• Listen. Start with sending this nonprofit impact survey to staff and stakeholders to see how they view and define these core questions about your organization (feel free to edit ours since it is more focused on digital work).
  • Synthesize. Gather responses and aggregate points of consensus to see where people agree and where they may be confused. You will be surprised on what comes out. Your executive team can’t be expected to read every response. Condense the answers noting how many people had something similar, while noting any important divergent opinions. IE: do people think you should go a mile deep, spending lots of time with fewer people or a mile wide, spending less time with more people?
  • Deliberate and Define. This may be done at staff retreat or in a series of executive meetings with the goal of defining a single answer for each critical question while building consensus.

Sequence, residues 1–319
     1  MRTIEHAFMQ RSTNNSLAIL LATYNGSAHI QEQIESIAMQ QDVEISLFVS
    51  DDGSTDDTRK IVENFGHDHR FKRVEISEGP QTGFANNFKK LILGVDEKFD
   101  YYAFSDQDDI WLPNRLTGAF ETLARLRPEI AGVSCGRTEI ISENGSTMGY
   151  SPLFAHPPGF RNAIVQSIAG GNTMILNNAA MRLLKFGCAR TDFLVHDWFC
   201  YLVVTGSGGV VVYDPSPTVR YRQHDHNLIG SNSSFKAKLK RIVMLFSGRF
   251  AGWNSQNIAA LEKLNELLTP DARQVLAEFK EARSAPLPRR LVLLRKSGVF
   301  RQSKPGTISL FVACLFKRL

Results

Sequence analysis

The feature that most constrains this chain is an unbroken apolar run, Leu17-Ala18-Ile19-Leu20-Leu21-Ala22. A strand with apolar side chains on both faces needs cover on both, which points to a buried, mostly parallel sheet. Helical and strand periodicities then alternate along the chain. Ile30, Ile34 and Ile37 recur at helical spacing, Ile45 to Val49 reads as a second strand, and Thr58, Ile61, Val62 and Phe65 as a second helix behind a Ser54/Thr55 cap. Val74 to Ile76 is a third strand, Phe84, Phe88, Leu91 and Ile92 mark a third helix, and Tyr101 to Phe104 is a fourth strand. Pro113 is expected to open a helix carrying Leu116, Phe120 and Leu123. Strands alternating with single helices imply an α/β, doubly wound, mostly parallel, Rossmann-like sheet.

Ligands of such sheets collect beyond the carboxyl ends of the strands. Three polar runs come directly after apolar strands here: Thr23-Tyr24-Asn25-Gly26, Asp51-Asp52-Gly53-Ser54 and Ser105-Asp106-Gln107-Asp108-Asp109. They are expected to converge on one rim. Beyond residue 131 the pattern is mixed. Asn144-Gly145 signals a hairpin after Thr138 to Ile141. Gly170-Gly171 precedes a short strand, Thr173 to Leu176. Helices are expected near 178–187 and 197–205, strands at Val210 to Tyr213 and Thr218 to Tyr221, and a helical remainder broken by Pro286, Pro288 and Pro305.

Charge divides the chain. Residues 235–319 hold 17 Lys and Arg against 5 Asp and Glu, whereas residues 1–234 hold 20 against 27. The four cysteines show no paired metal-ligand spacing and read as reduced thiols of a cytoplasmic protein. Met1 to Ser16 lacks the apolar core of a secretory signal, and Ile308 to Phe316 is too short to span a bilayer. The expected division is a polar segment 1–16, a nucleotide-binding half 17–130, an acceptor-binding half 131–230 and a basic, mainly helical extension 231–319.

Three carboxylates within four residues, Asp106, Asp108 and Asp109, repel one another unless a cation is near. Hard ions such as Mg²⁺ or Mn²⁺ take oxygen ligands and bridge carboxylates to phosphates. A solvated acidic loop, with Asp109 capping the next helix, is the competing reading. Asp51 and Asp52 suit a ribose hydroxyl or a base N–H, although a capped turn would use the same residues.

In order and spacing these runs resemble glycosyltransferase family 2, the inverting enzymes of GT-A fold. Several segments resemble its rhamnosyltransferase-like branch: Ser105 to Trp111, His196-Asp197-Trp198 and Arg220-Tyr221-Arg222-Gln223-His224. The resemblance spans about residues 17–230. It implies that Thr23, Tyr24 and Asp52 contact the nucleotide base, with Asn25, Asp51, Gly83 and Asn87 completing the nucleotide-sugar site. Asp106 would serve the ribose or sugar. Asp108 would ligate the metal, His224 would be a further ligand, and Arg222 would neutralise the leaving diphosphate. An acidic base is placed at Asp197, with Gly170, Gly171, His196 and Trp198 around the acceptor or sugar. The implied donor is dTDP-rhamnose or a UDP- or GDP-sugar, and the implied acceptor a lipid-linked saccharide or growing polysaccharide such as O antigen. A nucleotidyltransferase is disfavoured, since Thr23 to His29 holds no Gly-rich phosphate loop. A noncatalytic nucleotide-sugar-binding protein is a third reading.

• Create some paper. Build this into a logic model and plan for your programs. This can take many forms and can even be pulling out some of the questions in the survey and laying them out in the outline above.  A common approach is to create a larger Theory of Change document, but don’t forget the supporting document of how and what you will be measuring. You might want to use Whole Whale’s BHAG Chart to get started.

 

The Theory of Change

This is a common planning document that foundations and funders may ask for specifically which is why we have included a short guide on it. The goal is to create a document that maps out the causal relationship between your long term outcomes and the daily activities. A good Theory of Change should answer the following questions: